Correct we are not talking bout tuition we are talking about scholarships. If you give a $5000 contribution to the First Baptist Church to establish a scholarship at its affiliated Baptist School, that is tax deductible. Tuition should not be tax deductible any more than anything else you buy. You are paying a private business for a private service. Try deducting your dry cleaning bill, or the bill for your yard service.

Purple Rain March 11, 2015 at 12:03 pm

Would you like to see more private schools that are based on academics vs. religion? I would.

You do have a valid point regarding the tax deduction, assuming the Churches offer scholarships. As I stated on an earlier thread, some of these Christian Schools require a statement of faith signed by the parent.

There are children out there with needs and their parents are not religious. Where do they fit in?

Purple Rain March 11, 2015 at 10:06 am

Tuition paid to those schools are not tax deductible by individuals.

Mom March 11, 2015 at 2:01 pm

Right. But every private school has an “Annual/Giving Fund” and you bet EVERY parent is expected to give a couple grand if you expect to be heard next time you need to speak with the principal. All contributions are tax deductible for ALL private schools – doesn’t have to be a religious school.

Tangerine March 11, 2015 at 2:05 pm

I never really experienced that, but I can imagine how that might be the case. My point is – there are sooooo few non-religious private schools.

Rakkasan March 11, 2015 at 7:47 am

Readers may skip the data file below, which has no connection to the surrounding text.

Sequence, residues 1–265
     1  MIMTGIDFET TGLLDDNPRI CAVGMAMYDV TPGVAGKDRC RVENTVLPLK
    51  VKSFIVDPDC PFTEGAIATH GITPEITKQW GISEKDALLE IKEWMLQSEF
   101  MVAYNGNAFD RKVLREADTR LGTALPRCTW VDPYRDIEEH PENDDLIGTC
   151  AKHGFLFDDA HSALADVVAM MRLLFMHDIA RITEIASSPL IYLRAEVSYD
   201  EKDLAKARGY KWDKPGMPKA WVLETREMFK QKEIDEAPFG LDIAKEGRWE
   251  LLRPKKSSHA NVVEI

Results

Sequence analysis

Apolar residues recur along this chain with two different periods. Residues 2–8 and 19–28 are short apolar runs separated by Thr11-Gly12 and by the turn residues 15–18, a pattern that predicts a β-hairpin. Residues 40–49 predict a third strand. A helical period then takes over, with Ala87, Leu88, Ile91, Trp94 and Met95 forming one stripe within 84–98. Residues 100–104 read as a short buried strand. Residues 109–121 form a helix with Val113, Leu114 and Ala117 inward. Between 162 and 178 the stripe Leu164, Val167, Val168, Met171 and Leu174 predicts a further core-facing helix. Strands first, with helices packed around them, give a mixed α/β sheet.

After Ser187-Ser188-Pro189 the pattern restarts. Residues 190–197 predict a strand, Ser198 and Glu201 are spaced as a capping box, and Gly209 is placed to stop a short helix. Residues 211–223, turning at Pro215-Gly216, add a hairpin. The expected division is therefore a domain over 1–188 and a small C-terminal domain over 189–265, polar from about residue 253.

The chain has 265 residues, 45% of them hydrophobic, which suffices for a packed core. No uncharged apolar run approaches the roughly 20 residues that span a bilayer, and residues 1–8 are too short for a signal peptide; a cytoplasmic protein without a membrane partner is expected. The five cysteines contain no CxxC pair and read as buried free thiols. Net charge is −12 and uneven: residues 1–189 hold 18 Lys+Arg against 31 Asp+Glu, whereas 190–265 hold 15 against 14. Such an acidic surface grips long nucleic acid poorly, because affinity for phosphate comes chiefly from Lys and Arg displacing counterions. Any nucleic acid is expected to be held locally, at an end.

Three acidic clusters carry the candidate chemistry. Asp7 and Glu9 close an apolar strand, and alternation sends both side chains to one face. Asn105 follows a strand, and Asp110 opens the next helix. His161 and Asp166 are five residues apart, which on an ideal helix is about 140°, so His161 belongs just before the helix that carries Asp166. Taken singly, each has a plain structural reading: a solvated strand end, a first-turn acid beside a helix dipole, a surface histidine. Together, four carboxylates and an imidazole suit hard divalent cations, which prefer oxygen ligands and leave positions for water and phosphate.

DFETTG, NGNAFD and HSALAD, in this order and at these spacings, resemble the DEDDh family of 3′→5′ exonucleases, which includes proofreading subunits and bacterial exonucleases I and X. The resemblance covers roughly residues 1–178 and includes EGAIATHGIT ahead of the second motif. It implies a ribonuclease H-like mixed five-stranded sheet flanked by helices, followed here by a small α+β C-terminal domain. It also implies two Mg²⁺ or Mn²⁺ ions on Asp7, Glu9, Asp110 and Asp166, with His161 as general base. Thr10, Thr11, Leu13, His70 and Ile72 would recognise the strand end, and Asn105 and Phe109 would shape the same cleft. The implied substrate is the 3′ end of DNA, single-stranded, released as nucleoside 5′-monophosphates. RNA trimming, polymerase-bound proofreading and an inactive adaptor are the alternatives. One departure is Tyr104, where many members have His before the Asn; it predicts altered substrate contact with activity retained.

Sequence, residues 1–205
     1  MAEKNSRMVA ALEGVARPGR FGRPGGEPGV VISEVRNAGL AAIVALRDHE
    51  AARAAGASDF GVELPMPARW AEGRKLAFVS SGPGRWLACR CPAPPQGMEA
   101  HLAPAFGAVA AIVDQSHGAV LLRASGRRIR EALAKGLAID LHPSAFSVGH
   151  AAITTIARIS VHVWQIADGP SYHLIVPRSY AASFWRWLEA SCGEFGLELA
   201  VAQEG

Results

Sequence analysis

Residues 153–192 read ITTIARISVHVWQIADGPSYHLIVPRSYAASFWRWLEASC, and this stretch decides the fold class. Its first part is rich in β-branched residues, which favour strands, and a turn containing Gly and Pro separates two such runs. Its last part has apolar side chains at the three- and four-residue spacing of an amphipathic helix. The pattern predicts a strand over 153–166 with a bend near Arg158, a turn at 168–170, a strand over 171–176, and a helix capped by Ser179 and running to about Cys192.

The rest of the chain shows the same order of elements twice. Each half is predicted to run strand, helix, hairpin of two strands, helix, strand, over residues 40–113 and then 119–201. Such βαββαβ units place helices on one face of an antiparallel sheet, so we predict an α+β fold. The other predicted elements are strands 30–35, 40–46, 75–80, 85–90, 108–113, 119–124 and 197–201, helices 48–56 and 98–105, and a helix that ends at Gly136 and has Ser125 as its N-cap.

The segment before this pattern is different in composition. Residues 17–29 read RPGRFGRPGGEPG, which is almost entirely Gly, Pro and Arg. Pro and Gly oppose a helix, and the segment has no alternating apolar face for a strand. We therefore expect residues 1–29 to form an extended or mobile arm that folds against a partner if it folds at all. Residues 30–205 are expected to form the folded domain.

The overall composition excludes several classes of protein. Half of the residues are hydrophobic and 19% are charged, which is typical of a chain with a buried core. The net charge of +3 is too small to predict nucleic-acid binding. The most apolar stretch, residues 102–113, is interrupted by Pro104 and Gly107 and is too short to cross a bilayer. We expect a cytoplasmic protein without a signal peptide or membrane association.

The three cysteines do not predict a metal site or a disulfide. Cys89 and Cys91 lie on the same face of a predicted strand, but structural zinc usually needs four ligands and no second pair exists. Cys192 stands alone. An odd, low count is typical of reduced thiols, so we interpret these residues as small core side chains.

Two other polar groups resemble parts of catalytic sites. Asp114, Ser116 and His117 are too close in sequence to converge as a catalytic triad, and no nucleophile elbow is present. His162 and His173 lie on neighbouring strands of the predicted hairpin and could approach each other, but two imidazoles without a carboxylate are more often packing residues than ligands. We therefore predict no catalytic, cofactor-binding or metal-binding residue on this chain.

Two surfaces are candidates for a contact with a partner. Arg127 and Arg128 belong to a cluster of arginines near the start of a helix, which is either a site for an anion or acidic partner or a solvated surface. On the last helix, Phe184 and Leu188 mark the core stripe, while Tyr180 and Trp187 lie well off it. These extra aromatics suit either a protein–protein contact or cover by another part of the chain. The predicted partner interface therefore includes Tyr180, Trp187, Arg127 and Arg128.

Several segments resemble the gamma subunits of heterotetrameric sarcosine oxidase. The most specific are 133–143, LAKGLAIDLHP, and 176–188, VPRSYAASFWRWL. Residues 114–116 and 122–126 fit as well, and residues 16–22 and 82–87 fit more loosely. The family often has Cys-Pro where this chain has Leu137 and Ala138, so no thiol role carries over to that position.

AND, the taxpayer gets a tax DEDUCTION for donating to a non-profit 501C in addition to the tax credit. So, the tax expenditure is 115-128 dollars total, not just the 100 to the state. And this is “free market”?

Limbaughsaphatkhunt March 10, 2015 at 10:22 pm

Fits constantly touts vouchers and school choice. What that means is that he (and many state lawmakers) are in favor of giving parents a voucher or tax credit (our tax dollars) to attend private schools (“Education Inc.”). These could be anything from wacko christian schools, to islamic madrassahs, to jewish schools to military academies..what have you. The point of their crusade is to slowly and painfully defund public schools as if they are inherently bad, even though solid research shows little to no advantage of private vs. public school outcomes at year 12 graduation rates and SAT scores nationwide.

You see, there is vast conspiracy out there funded by the Koch bros. (no, this is not tin foil hat stuff). They think that American schools have become liberal bastions and in an effort to combat, defund and ultimately defeat “liberal” public schools they are working overtime with receptive state legislatures to move tax payer money to private schools where less “liberalism” can flourish and ultimately turn out students who skew to the right and lean GOP. Which in turn means they will grow up to vote for and become politicians who are sympathetic to big biz and cater for the rich….

Purple Rain March 10, 2015 at 10:30 pm

I understand how some have that idea of liberalism in the schools. However, there are many cases where children have special needs, live in rural areas, want to protect their children, and more specifically parents who want educational advancement that does exist within their district.

The tax credits that I have seen proposed, and yes, this was last session with Sen. Grooms, but they are are insignificant in comparison to the costs of education per student. I think highest credit I saw for a home school was $2,000 and that is only at the state level. Your rich dogs are not going to qualify.

Tax credits are not your tax dollars, it is a reduction in the taxes and individual(s) who pay into taxes. That scholarship fund, would not benefit me in the least should I contribute to it – I am not saving money, I would be giving money and a very small portion of that could be written off my SC taxes.

I think there are many liberals who are opposed to Choice, because they feel it is an effort by the Right to give money to some rich kids. That isn’t the case. The poor are the ones who have potential to benefit most.

Limbaughsaphatkhunt March 10, 2015 at 10:44 pm